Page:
LACONIA — A floating bar has taken the city to court, saying city efforts to restrict its operation in Weirs Beach are unlawful.
In a civil complaint filed in Belknap Superior Court, the Dive LLC argues the city has no right to regulate the business because the Dive — a two-story bar built onto a self-propelled barge — is a watercraft, and therefore not subject to local zoning and site plan regulations.
During the summer the Dive was often tied up to the Winnipesaukee Pier.
On July 1, City Planning Director Dean Trefethen sent a letter to the Winnipesaukee Pier, which stated that having the Dive tied up there constituted an expansion of the pier’s use, and so violated city zoning ordinance and site plan review regulations, requiring an amendment to the site plan for the property. On Aug. 21 the city sent another letter saying unless the operation ceased within 20 days it would take the Dive to court.
“The Dive is like other commercial vessels operating on New Hampshire waters,” the suit reads at one point. “The city is trying to regulate the Dive’s use of public waters. … Only the state has the authority to impose lake regulations.”
The city was notified of the legal action on Sept. 31. It now has until the end of the month to file its response to the claims made in the suit, according to Laura Spector-Morgan, the city’s attorney.
In addition to claiming that the Dive is exempt from local regulations, the Dive is also saying that the city did not follow the proper procedures in notifying the Dive or its attorney of the possibility of legal action.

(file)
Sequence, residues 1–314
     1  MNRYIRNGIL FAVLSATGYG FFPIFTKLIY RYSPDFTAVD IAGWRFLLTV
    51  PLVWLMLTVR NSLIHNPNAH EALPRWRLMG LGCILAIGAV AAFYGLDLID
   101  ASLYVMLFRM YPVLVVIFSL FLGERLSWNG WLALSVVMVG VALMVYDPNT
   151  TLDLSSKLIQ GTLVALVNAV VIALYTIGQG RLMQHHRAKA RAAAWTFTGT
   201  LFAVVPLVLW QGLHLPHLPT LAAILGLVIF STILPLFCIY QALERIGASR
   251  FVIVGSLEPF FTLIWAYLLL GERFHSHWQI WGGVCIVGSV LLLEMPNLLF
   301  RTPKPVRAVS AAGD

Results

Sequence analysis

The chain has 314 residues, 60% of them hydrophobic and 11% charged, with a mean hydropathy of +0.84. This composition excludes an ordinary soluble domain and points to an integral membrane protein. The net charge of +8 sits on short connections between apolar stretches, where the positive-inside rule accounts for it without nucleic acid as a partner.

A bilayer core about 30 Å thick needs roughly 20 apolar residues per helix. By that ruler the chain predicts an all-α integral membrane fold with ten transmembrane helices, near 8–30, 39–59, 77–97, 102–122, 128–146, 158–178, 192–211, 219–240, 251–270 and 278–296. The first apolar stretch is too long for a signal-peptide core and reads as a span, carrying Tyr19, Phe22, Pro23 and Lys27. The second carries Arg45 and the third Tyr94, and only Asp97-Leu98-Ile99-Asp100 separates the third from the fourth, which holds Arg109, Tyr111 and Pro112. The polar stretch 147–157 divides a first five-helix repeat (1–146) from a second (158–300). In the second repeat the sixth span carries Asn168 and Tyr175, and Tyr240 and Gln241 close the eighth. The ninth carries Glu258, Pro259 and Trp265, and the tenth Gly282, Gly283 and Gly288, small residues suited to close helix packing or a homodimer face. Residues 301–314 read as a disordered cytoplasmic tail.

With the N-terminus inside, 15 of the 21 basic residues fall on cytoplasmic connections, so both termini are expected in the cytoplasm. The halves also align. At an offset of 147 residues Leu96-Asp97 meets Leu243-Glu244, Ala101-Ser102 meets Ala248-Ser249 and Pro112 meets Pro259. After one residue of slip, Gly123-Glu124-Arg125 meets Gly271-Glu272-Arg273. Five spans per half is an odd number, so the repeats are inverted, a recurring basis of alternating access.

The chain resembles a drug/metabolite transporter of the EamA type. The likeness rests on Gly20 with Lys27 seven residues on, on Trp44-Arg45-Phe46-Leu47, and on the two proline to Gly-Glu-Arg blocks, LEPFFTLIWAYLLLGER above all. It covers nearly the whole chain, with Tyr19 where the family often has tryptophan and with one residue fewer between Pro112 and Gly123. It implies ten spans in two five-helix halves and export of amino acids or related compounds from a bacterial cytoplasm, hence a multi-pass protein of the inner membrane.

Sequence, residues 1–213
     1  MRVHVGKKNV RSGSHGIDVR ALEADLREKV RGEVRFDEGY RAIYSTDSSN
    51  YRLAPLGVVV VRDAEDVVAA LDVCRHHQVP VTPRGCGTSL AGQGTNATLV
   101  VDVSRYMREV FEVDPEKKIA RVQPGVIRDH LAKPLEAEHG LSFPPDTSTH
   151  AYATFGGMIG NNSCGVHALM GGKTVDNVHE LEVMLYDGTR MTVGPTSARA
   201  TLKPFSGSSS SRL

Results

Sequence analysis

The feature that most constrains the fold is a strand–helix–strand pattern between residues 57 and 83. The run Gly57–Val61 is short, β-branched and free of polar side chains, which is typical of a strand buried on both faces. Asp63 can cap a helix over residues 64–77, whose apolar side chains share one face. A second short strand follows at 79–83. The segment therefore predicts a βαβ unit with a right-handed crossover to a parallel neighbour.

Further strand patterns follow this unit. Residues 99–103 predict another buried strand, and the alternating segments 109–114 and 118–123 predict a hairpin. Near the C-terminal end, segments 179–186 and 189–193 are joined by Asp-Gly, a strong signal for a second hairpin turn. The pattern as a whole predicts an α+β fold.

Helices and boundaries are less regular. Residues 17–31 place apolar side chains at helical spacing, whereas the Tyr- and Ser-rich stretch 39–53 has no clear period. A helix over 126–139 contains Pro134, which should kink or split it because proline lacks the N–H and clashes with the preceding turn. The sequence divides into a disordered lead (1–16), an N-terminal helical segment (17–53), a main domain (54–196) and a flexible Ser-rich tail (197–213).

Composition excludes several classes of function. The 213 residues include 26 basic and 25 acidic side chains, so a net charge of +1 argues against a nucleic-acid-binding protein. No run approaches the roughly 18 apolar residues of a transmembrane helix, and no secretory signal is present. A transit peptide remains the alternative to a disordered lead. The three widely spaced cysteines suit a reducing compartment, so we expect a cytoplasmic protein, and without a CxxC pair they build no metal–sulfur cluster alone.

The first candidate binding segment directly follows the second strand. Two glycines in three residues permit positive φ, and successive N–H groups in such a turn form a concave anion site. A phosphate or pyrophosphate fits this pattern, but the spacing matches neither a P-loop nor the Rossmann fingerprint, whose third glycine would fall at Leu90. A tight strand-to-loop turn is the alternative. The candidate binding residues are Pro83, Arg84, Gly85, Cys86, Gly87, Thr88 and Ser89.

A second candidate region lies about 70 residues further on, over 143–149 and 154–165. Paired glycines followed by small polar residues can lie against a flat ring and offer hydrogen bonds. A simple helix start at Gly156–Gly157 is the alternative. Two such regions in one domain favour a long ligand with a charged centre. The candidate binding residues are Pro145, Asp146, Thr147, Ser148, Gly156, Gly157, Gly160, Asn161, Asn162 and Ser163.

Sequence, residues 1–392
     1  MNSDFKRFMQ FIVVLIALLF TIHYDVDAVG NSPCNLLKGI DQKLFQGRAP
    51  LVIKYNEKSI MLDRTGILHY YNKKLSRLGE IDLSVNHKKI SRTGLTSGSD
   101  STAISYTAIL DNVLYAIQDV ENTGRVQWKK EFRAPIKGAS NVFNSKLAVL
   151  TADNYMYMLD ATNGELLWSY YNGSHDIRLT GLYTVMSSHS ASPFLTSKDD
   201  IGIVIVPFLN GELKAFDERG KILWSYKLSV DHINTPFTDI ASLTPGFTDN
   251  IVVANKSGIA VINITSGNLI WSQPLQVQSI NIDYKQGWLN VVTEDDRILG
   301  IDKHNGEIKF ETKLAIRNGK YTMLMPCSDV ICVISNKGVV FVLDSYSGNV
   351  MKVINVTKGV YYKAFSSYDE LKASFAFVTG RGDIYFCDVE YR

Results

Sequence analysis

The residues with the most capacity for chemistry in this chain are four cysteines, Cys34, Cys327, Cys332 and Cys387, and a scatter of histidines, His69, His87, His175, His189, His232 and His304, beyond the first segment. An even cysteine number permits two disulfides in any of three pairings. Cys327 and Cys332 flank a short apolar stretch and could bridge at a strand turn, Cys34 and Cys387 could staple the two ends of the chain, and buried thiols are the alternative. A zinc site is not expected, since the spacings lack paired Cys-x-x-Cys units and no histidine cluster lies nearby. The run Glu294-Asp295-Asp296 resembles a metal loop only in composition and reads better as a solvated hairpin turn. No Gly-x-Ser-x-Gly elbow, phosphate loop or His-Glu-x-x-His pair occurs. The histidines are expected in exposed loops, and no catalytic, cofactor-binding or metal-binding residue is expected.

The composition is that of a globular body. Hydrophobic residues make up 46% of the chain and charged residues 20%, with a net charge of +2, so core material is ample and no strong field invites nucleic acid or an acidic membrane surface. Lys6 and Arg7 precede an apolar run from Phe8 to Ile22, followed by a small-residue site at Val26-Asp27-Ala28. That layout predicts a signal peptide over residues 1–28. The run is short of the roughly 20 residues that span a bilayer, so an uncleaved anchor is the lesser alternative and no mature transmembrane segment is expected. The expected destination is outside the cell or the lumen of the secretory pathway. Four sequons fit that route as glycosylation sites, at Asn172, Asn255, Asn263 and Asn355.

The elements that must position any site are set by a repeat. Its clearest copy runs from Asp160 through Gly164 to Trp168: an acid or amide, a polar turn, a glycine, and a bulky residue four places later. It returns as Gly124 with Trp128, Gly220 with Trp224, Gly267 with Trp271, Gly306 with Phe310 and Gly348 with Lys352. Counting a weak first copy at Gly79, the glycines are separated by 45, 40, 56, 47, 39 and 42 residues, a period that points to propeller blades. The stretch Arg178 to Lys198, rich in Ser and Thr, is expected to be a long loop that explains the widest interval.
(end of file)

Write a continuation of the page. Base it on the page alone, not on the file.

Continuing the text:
The suit further says the Dive was not afforded the opportunity to appeal the city’s decision to the Zoning Board of Adjustment, as it maintains the law allows.
The Dive says the city is using legal action to pacify homeowners near the business’s in-port location who have complained about the “alleged noise view obstruction, impeding of boat traffic.”
In an article published in July in The Laconia Daily Sun, Brian Rillahan, who has a bird's-eye view of the Dive from his residence on Simpson Avenue, complained, among other things, about the revolving, lighted sign which shines into neighbors’ homes, as well as noise caused by boisterous patrons. He said after receiving complaints, the Dive started turning off its music at 9 or 10 p.m., depending on the day of the week.
But the suit insists any complaints about the Dive “are wholly without merit.”
Contrary to being a nuisance, the Dive’s operation is "consistent with other tourists activities in Weirs Beach, catering to dining and recreational needs,” the suit maintains.